What if you could tap into the Mind of a Master Black Belt to help you in your Lean Six Sigma Project?

 

 

My Name is Kevin Clay and I am a Master Black Belt with Over 20 Years Experience.

I’ve completed hundreds of Lean and Six Sigma Project all over the Globe with Multi Million Dollar Results.

Below are the 10 simple steps that I use to conduct every Lean Six Sigma project. Follow these steps and you will get Amazing Results from your Lean Six Sigma Project Every Time!

  1. Don’t Try and Solve World Hunger
  2. Go to Gemba!
  3. Plan Your Work and THEN Work Your Plan
  4. Track the Needle
  5. Verify your Focus
  6. Be the Ball
  7. Look for the 6’ View
  8. Decipher the Code
  9. Prioritize and Manage
  10. Mime’s make the Best Operators

 

1. Don’t Try and Solve World Hunger

 

What can cause a Six Sigma Project to Have a Slow Agonizing Death? Not have a manageable scope!

Only about 35% of Six Sigma Projects are completed (and this is a conservative number).

Why? Because no one has educated the belt that it is improbable they will solve world hunger. This eventually leads to a permanently stalled project.

We teach our students that three of the most important words when it comes to Lean Six Sigma Project Scope are: focus, focus and focus!

You can’t solve world hunger but you have a greater likelihood of success if you focus on one small village.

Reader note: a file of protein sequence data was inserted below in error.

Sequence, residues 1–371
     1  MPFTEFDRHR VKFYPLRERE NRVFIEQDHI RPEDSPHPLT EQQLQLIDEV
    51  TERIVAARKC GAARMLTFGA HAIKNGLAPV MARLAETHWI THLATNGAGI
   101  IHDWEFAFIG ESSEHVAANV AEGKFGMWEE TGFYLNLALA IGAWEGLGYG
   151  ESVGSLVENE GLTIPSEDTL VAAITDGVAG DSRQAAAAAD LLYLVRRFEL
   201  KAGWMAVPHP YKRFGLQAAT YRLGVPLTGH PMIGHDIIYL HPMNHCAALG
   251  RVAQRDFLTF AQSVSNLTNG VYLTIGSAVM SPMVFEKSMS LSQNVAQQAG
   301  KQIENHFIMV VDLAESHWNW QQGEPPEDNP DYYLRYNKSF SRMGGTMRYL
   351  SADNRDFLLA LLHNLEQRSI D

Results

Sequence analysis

Once you Improve, Optimize and Control hunger in that small village then we can translate the Improvements to the next village in our priority with subsequent “mult-generational projects”.

With each generation of projects to solve world hunger, each village gets easier. We can even expand our scope to Improving several villages at a once as we have encountered most of the variables in previous projects.

I’m guessing the question that is burning in your mind is “do I have to solve world hunger before I complete my project?”

The answer is “No”. Each generation of projects are considered their own project.

The best tool for understanding the optimal Scope for a Project is the Pareto Chart.

To use the Pareto Chart, we must first have data.

In this scenario, the belt has been given the task to reduce missed deliveries in the domestic U.S.

As Lean Six Sigma practitioners, we know that focusing on the larger problem will decrease our chance of success. We need to scope down to a project that we can manage.

Below is the data:

 

 

We need to see the data in a Graphical format, so now we produce the Pareto Chart.

In Minitab 17, the Pareto Chart is found at Stat > Quality Tools > Pareto Chart …

Fill in the Pareto Chart as seen in the picture below:

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